Jump to content
Brian Enos's Forums... Maku mozo!
BamaShooter88

How often do you train? Poll.

Recommended Posts

shooting matches didn't make me better at shooting. but it did expose things i needed to work on and taught me how to be a competitor. the difference between shooting a stage and shooting a match. lots of learning things but no actual skill development.

 

any skill i've ever gained came through practice at the range or dry fire at home.

Share this post


Link to post
Share on other sites

Made GM in about 30 months. Was in A class for about 6 months. 

 

Struggled to be a legit, competitive GM. 

 

Shot a LOT; probably 50k rounds her year, about 6 majors per year, about 36 club matches per year. 

 

Never really shot well at a major; came in 20th at the.....2005(?) limited nationals. 

 

Made GM in Production somewhere in there. M in SStck and L10.

 

Historically was "Last" GM everywhere I went. 

 

About 2010 petitioned USPSA to lower my classification down to M which they agreed to do. 

 

Took 2014-2015 or so off from shooting; came back in 2015 and have struggled getting back up to speed, and settling on a division. 

 

Currently shooting about 24k rounds per year, about two club matches a month, one major a year and dryfiring 7 days a week. Shoot a 100% on a classifier two months ago. 

Share this post


Link to post
Share on other sites

Started out in B class and made M in almost exactly one year.  Been in M for a year and now I'm getting really close to GM (94.3%).  I try to live fire once a week and dry fire for an hour 5 nights a week (usually ends up being more like 3 nights a week).  I feel like I get more out of dry firing than I do live fire just because I can get more reps in and it's more accessible.  Most of my dry fire is focused on gun handling; I work on movement a bit more during live fire.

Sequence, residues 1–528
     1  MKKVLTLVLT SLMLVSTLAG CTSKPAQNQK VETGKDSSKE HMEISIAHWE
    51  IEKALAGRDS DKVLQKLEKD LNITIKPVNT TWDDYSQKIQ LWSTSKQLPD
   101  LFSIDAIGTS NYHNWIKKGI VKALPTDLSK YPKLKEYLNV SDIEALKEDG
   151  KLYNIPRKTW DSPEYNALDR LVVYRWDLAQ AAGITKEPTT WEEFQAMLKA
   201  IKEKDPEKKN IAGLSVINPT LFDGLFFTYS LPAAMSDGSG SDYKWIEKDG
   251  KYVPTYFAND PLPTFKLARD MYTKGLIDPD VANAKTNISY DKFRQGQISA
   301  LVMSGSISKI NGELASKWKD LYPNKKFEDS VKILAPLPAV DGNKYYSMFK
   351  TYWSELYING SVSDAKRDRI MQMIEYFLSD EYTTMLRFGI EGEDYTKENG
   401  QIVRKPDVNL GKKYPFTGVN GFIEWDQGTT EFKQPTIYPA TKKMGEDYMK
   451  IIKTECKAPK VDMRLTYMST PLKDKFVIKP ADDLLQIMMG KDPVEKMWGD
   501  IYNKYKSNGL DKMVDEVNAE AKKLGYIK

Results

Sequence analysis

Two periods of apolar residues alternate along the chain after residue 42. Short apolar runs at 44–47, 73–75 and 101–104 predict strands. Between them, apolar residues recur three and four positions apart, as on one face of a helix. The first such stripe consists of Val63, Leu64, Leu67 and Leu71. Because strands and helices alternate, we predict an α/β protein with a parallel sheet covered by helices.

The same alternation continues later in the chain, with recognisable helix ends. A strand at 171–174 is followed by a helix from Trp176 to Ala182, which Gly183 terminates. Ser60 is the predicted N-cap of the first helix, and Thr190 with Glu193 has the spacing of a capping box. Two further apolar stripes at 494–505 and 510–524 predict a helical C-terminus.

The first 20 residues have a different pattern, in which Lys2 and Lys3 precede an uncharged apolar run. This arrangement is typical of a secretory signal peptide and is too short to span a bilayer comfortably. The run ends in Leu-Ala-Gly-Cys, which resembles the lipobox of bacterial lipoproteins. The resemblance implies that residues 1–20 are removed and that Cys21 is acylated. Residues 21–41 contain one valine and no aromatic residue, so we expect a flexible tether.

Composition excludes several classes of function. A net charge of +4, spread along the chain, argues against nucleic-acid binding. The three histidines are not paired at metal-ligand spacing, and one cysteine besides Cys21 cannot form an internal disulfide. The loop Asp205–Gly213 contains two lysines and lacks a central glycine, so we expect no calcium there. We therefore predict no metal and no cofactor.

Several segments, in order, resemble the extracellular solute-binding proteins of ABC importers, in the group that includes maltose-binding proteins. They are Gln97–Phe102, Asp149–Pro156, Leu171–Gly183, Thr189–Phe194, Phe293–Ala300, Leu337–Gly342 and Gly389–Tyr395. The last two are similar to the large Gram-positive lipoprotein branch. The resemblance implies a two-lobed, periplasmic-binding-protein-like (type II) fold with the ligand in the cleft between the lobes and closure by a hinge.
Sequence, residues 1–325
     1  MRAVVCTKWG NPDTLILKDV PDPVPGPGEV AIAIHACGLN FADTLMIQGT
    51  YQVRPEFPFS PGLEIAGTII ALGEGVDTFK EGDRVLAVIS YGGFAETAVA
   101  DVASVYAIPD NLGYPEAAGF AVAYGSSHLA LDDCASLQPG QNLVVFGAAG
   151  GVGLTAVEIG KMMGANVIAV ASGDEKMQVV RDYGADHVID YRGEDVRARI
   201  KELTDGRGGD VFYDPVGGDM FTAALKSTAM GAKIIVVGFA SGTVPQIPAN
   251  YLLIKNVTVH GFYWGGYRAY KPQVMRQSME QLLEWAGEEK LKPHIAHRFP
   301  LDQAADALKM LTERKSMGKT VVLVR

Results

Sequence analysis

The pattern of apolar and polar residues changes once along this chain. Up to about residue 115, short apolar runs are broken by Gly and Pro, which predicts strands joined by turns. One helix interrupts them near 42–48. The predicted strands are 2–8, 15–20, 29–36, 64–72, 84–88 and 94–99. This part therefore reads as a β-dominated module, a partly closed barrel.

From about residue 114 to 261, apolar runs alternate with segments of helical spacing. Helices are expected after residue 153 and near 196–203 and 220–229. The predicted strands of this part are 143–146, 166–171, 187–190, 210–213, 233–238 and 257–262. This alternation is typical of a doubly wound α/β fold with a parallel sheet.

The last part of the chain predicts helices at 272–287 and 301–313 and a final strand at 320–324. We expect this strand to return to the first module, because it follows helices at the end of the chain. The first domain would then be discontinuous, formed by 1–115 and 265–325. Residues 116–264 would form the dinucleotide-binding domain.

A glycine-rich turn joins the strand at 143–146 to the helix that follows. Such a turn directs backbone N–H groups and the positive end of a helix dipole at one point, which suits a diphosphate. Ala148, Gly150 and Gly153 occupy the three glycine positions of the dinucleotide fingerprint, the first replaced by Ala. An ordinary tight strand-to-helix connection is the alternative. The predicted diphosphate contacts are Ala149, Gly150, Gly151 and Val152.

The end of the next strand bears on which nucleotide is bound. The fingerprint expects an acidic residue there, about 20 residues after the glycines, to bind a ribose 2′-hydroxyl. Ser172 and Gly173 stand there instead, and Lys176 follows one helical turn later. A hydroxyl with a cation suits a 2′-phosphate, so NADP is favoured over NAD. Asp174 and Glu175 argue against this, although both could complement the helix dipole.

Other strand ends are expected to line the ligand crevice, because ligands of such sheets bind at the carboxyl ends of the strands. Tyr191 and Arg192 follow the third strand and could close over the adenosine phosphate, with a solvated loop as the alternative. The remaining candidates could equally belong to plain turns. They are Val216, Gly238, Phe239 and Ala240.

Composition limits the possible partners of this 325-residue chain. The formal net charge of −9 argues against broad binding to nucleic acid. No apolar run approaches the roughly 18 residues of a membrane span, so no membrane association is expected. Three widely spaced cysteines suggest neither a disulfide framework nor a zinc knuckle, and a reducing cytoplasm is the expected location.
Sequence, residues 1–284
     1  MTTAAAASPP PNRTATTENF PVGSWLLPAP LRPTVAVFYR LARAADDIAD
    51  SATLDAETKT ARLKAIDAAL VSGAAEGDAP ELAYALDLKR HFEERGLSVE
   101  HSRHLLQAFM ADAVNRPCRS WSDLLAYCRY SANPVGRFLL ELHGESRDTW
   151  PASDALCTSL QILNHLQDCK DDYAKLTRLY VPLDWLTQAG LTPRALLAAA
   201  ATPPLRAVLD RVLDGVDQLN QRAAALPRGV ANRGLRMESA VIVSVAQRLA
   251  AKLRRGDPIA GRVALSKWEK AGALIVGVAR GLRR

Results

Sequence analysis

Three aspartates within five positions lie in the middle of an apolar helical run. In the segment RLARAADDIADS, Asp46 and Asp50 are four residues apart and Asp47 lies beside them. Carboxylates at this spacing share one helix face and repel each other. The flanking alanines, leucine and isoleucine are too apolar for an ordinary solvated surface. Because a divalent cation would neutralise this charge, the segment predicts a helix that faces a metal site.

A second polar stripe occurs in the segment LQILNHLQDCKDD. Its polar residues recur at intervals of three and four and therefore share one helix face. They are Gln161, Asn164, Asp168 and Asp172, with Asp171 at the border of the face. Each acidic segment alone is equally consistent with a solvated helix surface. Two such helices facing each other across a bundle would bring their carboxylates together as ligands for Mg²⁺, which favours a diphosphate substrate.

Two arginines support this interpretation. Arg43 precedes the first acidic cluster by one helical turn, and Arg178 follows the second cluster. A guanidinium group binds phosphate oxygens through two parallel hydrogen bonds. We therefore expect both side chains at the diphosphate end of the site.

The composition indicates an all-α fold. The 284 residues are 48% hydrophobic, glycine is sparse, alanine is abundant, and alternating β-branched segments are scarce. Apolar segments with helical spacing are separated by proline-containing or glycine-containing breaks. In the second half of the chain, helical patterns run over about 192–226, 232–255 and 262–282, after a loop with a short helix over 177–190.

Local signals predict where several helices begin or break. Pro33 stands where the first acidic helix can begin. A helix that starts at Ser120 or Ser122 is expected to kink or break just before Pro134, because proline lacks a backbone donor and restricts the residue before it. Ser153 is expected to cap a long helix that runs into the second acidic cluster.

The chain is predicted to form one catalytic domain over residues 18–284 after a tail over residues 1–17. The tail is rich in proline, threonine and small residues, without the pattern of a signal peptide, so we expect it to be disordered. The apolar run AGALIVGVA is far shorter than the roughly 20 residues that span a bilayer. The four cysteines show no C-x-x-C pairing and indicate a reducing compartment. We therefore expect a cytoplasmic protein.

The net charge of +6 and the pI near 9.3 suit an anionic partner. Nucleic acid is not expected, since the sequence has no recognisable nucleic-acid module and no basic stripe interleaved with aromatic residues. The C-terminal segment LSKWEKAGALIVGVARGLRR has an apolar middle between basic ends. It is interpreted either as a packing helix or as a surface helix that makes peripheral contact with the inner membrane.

Share this post


Link to post
Share on other sites
On 4/18/2019 at 12:02 PM, Ssanders224 said:

I'm a terrible example. Don't be like me. 

 

I haven't dry fired in probably close to two years, and honestly (because of me and my wife having a baby) I haven't spent any time practicing in 8-10 months. 

I think I originally classified as M, and It took me about a year or year and half to make GM? That timeline could be a little off. 

 

About 85-90% of (my) shooting ability is somewhat like riding a bike, and doesn't take much to maintain.  However, that 10-15% is super critical, and is where the small nuances that it takes to win reside.  

 

Plus the fact that you’re like 6.5, could have played college ball and probably run the 40 in under 5.0 might have helped? 😂

Share this post


Link to post
Share on other sites
Posted (edited)

I’m no example but when I was shooting everything within 10hours every weekend I would work on foot speed away from the gun and fundamentals with the gun.  If you have the time and desire I suggest rotating your days. This way you won’t wear yourself (hands) out with only dryfire. 

 

Monday; do foot work and the regular agility drills with short sprints. 15 to 30 mins. 

Tuesday; dryfire 30mins

Wed; livefire. I usually shoot 3 to 400rds working on fundamentals and what I noticed in my match. 

Thurs; dryfire or agility drills 

Friday;  load for the weekends match and followings weeks livefire or if you feel good just do the opposite of what you did for Thursday’s training. 

Saturday; shoot a local, major match or livefire..

Sunday; chill. 

Disclaimer;  doing this with more likely than not will cause at least one of these 3 things to happen and maybe all 3 (as in my case).

1 cause a divorce

2 cause burn out

3 cause your to get damn good. 

 

Decide what’s best for your situation, develop a plan and do it. Even 15mins of dryfiring fundamentals 4 or 5 days a week will make a noticeable difference in your game.

Like anything and everything,  you will get out of it what you put into it. Good luck and stay safe. 

Edited by a matt

Share this post


Link to post
Share on other sites

I made the move over to PCC in May of this year, my initial classification was B, I made it to A in a couple of months as it stands now, I’m sitting at 84.26%. Before PCC, I was shooting single stack where I stopped at 68%. There just isn’t much interest in single stack locally, and I hated loading .45 and furthermore, I hated  reloading 4 to 5 times a stage. So I jumped to the complete opposite end of the spectrum. I try to dry fire 2-3 times a week for 20-30 minutes. I also do live fire practice once a week, shoot and outlaw USPSA type match, and a local every week. Dry fire, especially when I was shooting a pistol was the best thing that helped me improve (I use Refinement and Repetition by Steve Anderson)

 

side note: PCC has actually helped my pistol game a lot as I am preparing to move into CO next season.